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Anchors Away: The Debate Debacle
The other day the esteemed and soon-to-go-into-semi-retirement NBC News anchor, Tom Brokaw, in what became an open letter, parts of which were in The New York Daily News, informed anyone who would listen that he is unhappy that the Commission on Presidential Debates had the audacity - and strength - not to choose him or any other big-name anchor to moderate the upcoming political debates. His public rant gave me pause to reflect on Brokaw's defense of his role and that of anchors in general. (I must disclose that, during my long tenure at NBC News, I worked with Brokaw on many special projects.)
Janet Brown, who runs the debates for the Commission on Presidential Debates, told The New York Times that star network anchors are unsuitable. She believes, as I do, that anchors simply get in the way of the debates. Tom is angry, an emotion his role as staid anchor rarely permits. Because Tom believes he is NBC News, it is worth hearing from him but I do not agree with him.
Sadly, some anchors believe they improve the debates for the home viewer - if anyone watches. An anchor's presence, and this includes Brokaw's, does not make the candidates better in a one-on-one match-up. Most times the debates sadly pit the charisma-challenged, one against the other. Nothing can make dross into gold.
Anchors do not enhance the coverage by sitting in the front, with gavel in hand, and glass of water at their side. Viewers do not tune in, if they watch at all, because Tom or Dan or Peter, Jim, Wolf or any version of an anchor moderates the debates. That is a self-perpetuating myth.
Journalism is in enough trouble today without its major front men crying foul over something as silly as not being part of a so-called debate. Anchors are not more important than the news.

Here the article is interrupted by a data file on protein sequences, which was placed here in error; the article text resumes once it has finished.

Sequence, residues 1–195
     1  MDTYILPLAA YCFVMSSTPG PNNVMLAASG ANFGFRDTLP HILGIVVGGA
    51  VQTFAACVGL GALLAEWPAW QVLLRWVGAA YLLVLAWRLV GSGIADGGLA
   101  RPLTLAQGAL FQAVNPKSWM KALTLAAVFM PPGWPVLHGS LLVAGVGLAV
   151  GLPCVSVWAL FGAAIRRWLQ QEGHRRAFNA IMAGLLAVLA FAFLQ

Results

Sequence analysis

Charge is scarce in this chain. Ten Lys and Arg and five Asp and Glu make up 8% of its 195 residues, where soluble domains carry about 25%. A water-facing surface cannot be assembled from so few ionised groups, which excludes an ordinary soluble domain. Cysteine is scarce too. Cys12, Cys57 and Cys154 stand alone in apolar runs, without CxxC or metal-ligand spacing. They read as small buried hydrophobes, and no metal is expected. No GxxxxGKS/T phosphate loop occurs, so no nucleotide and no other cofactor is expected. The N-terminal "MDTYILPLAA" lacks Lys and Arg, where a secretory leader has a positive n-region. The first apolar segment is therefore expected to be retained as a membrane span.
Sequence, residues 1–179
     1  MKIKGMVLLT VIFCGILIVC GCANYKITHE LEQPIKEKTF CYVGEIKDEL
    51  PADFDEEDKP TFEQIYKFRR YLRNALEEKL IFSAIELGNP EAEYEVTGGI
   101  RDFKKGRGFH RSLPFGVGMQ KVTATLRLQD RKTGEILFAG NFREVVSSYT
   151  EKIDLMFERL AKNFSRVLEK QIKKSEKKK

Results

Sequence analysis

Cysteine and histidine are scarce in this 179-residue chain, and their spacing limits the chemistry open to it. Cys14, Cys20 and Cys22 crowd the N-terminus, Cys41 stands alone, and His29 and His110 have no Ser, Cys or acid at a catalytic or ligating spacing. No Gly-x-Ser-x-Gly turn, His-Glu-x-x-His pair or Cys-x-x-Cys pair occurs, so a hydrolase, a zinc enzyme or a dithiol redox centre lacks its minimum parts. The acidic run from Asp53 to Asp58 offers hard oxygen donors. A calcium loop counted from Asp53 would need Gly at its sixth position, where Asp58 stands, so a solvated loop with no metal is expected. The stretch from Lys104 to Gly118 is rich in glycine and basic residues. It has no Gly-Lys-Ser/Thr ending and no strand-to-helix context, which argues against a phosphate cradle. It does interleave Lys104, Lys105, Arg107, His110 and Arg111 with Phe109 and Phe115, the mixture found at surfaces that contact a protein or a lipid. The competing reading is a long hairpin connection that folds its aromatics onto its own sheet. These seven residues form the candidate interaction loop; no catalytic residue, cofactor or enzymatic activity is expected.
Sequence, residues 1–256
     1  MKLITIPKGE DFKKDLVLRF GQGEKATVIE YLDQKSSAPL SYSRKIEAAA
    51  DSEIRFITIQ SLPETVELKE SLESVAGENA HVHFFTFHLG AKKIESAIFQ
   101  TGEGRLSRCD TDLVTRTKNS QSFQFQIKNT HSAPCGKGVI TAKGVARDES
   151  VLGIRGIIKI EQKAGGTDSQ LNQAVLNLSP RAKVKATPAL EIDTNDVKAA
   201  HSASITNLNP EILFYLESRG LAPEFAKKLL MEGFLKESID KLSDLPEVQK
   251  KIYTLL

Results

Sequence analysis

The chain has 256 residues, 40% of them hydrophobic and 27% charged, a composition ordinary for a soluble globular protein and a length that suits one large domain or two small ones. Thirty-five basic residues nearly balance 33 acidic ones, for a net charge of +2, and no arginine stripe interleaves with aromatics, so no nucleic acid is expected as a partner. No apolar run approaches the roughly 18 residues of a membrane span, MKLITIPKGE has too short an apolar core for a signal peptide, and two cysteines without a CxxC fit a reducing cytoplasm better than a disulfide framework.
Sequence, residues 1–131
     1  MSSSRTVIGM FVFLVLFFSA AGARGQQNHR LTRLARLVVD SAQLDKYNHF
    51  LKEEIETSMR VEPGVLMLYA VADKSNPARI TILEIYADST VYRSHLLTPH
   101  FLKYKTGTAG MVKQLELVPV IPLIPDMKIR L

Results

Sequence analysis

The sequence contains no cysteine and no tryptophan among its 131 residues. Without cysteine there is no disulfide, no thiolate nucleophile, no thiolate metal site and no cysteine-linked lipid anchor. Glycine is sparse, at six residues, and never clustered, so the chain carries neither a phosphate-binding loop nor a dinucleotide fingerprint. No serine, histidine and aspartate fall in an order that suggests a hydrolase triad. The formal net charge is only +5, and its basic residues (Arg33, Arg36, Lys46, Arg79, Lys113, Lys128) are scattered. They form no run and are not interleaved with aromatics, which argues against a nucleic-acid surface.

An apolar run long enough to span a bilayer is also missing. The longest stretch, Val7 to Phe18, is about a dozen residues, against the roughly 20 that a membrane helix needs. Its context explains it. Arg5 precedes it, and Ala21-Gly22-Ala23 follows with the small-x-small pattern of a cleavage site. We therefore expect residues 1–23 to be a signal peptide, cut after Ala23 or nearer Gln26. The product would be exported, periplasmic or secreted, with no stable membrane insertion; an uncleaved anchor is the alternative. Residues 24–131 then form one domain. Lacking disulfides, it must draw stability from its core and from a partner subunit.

I would go so far as to dispense with even the second tier of moderators. What we really need is the principal of an inner-city high school, armed with a list of questions from a diverse audience, and an advisory panel next to him for follow-up questions. More importantly, he should have a stop watch to time each answer. A gong and police whistle to end each answer. A baton to threaten the debaters if they get unruly.
To call these two-man shows debates is a travesty.
These debates are not the same as those at the vaunted Oxford Union or a university debating society. Here we will have two men laying out the same positions they have been touting for months, only now in prime time on national television. They will have two minutes, one minute, or thirty seconds to present their position. Give and take? No way. Just give. Maintain your position as the candidate, then respond to time, pray you do not mess up and continue until the hour ends. Needed is a traffic cop with a firm hand. A no-name with his or her finger on a loud buzzer to signal time is up.
Sorry, Tom, you are wrong. I agree with the commission that name anchors get in the way of the proceedings and offer little beyond a continuing commercial for their networks. They do impede the process because - again, sorry, Tom - the moderator is all about the moderator being there asking the questions.
Tom, stay home. Unbutton your collar. Slip off your shoes. Have a sip of fine wine, or even a beer. Have a good chuckle and be glad you are not there in the hall. Realize, too, that the presidential debates are an anachronism, dinosaurs, and a waste of time - as are the political conventions, except for the cities that make a fortune from their presence.
The debates, after all, are for television. All that matters is how the candidates appear on the home screen, not how good or smooth the moderator is. What happens in the hall is irrelevant. Watching two men in identical dark suits, light blue shirts and dark ties and wearing makeup is not something I look forward to seeing. Each man must hope that perspiration does not appear on his upper lip, that his tie is straight, and his hair perfectly combed. Surely, the debates are as bad as television gets and not worth our time. Maybe we need a rock band in the hall, a drummer to hit rim shots for emphasis, and rockets that go off when either man makes a good point. None of this requires a moderator, especially a network anchor with more charisma than the candidates and who will divert our attention from the boring and usually useless proceedings before us.
© Ron Steinman
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